Synopsis

For the Love of Neutrinos

Physics 15, s119
The CUPID-0 experiment has demonstrated a new detector technology that targets neutrinoless double beta decay.
CUPID-0 Experiment

The team behind CUPID-0, a neutrino experiment that used a new type of precision heat detector, has released its final results [1]. The findings continue the ongoing particle-physics streak of not seeing neutrinoless double beta decays. These decays are at the heart of current neutrino research, as their detection would imply that neutrinos are their own antiparticle. CUPID-0’s nondetection improves—by a factor of 20—constraints from previous detectors using the same nuclear-decay target material.

The CUPID-0 experiment, located at the National Institute for Nuclear Physics (INFN) Gran Sasso National Laboratory in Italy, looked for neutrinoless double beta decays in selenium-82. This isotope is known to decay by “normal” double beta decay, in which two neutrons in its nucleus transform into two protons, emitting two electrons and two neutrinos in the process. The collaboration measured the spectrum of selenium-82 decays in crystal samples and looked for a peak that would signal decays without accompanying neutrinos.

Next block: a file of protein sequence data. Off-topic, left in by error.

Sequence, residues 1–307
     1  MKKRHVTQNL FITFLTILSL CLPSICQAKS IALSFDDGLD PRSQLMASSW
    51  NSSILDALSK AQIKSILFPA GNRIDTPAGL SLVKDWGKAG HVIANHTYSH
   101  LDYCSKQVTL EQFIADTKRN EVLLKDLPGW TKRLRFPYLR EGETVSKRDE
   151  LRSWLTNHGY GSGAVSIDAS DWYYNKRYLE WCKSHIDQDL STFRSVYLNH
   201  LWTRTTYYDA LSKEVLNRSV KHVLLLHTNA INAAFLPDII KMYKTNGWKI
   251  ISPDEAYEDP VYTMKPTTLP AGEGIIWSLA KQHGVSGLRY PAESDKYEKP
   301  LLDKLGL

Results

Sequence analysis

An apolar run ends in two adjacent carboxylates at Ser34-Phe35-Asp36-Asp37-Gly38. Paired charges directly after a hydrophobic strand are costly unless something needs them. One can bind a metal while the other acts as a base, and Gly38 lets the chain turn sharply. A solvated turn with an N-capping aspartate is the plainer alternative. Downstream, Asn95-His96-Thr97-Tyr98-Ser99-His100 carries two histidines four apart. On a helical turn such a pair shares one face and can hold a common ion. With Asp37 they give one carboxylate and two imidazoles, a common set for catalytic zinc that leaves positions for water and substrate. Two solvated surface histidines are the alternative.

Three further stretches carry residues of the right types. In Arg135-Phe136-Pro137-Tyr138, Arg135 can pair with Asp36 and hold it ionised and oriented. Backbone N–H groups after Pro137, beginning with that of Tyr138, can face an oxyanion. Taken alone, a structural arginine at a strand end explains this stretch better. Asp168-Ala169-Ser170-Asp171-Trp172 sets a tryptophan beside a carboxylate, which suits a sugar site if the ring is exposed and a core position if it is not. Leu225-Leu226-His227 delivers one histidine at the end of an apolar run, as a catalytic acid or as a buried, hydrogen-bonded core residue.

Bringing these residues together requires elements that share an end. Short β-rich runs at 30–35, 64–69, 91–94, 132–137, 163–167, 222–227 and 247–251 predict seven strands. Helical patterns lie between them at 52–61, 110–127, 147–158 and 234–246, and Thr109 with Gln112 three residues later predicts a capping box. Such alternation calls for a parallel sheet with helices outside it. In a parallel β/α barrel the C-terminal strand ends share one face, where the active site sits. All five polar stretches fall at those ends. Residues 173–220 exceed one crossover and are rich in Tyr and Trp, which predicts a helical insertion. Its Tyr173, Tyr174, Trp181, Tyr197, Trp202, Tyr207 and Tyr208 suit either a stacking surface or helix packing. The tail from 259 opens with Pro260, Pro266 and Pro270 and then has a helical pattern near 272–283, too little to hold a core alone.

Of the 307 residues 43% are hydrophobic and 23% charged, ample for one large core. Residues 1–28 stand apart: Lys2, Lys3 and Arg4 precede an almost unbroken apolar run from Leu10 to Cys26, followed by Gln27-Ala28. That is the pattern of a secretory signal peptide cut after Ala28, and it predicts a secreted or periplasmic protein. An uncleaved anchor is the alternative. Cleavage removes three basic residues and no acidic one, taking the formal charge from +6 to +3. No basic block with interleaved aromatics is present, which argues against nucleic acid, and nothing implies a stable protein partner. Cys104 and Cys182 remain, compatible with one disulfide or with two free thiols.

For these measurements, the researchers used scintillating bolometers, a recently developed technology, combining heat sensors that can identify single decay events and light sensors that can discriminate beta decays from other types of nuclear decays.

Despite being about a tenth of the size of other detectors, the 10-kg CUPID-0 experiment achieved a relatively high measurement sensitivity. “This result opens the door for the CUPID-0 successor, CUPID, which will scale the technology to the level of a ton-scale detector,” says CUPID-0 team member Laura Cardani.

–Michael Schirber

Michael Schirber is a Corresponding Editor for Physics Magazine based in Lyon, France.

References

  1. O. Azzolini et al., “Final result on the neutrinoless double beta decay of 82Se with CUPID-0,” Phys. Rev. Lett. 129, 111801 (2022).

Subject Areas

Particles and Fields

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